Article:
Accuser denies pressuring Chief Justice

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Handout photo of Lorenzo G. Gadon during a House committee hearing on on the probable cause of the impeachment case against Supreme Court Chief Justice Maria Lourdes Sereno. -- Handout photo from the office of House Speaker Pantaleon Alvarez via PHILSTAR

LAWYER LORENZO G. Gadon, the complainant in the impeachment petition against Chief Justice Maria Lourdes P.A. Sereno, said he can never pressure Congress to subpoena Ms. Sereno to appear before the hearing currently being held by the House impeachment committee.

“How can someone like me, a private citizen, pressure Congress? I’m only one as against — how many? Forty members of the justice committee and 297 Congress members? Masyado lang silang dramatic (They are just being too dramatic),” Mr. Gadon said in a phone interview on Tuesday, Dec. 19.

This comes after a spokesperson of the Chief Justice issued a statement asserting “Atty. Gadon’s plan to pressure the House justice committee to subpoena Chief Justice Sereno.”

“This is yet another ridiculous statement from Mr. Gadon, who has discarded the law and turned a blind eye to our Constitution in exchange for his vain political ambitions. As earlier pointed out by House Majority Leader Rodolfo Fariñas, the Chief Justice — being a respondent in an impeachment proceeding — cannot be compelled to testify before the House committee on justice. The Chief Justice is not a witness subject to a subpoena process,” lawyer Josalee S. Deinla said in the statement.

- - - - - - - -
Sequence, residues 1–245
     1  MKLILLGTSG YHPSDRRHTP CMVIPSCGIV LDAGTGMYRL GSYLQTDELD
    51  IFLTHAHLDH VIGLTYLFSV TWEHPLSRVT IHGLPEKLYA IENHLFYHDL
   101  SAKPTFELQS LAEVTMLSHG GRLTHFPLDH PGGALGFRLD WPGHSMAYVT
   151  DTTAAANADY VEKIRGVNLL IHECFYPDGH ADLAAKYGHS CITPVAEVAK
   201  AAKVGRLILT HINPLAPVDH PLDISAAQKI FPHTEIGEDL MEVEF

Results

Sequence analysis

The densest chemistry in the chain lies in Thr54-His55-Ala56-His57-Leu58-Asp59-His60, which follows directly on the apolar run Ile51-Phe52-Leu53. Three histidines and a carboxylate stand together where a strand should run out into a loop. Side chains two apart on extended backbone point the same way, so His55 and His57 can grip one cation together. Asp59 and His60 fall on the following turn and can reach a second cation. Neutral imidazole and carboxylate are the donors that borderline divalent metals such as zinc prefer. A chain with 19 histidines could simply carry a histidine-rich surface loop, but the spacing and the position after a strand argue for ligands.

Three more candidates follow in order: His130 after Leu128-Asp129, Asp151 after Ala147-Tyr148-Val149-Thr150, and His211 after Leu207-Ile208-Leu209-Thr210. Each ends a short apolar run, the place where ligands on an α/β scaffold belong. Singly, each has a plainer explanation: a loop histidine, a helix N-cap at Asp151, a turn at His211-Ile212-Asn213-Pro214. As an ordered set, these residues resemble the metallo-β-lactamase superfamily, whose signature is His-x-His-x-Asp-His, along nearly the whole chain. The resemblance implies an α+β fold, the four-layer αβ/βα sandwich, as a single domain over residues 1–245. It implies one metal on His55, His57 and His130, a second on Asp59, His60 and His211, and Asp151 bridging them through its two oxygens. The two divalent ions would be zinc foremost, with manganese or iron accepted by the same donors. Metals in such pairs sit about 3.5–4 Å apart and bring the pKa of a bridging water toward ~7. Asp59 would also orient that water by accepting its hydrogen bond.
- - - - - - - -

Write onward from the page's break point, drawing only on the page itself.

She also warned that Ms. Sereno’s being forced to attend the House hearing will lead to a constitutional crisis.

Mr. Gadon countered: “Ang liwa-liwanag nung mga interviews ko (I had been clear during my interviews) that I will request… I will suggest and request. Wala naman akong sinabing (I never said) ‘must,’ wala naman akong sinabing (I never said), ‘it’s mandatory,’ or something for them to be pressured.”

He added: “En banc resolution, unanimous decision nga na ’yung mga justices eh pwede mag-appear doon sa Congress eh. Siyam na nga ’yung mag-a-appear eh. Nag-appear na ’yung apat, mag-a-appear pa ’yung lima. So anong constitutional crisis are they talking about?”

(An en banc and unanimous decision has already allowed the justices to appear in Congress. Nine are already going to appear. Four had appeared, another five will appear. So what constitutional crisis are they talking about?)

Ms. Deinla said Ms. Sereno does not need to disprove the allegations by Mr. Gadon “considering that he has not even proved anything.”

“Mr. Gadon cannot brush aside our fundamental laws. He is the one who deserves to be arrested or held in contempt for committing multiple perjurious statements and for putting pressure on Congress to violate the constitutionally guaranteed rights of the Chief Justice,” Ms. Deinla also said in the statement. — Minde Nyl R. dela Cruz